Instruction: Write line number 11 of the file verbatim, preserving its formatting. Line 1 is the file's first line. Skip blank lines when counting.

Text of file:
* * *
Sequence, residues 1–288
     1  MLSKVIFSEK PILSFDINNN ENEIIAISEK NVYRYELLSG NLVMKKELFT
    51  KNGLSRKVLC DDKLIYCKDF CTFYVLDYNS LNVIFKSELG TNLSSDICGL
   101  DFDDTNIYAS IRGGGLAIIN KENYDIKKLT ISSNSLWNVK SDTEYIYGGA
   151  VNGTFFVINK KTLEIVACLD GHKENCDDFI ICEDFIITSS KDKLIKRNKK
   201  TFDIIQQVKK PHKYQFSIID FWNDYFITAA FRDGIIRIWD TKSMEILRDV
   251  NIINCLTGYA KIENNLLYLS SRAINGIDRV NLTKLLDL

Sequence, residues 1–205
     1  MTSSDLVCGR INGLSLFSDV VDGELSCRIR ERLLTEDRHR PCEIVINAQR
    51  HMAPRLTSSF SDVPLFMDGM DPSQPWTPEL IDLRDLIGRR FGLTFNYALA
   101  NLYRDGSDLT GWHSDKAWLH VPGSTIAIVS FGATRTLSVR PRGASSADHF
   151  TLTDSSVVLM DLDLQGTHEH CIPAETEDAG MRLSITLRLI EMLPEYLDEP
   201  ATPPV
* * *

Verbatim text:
   101  NLYRDGSDLT GWHSDKAWLH VPGSTIAIVS FGATRTLSVR PRGASSADHF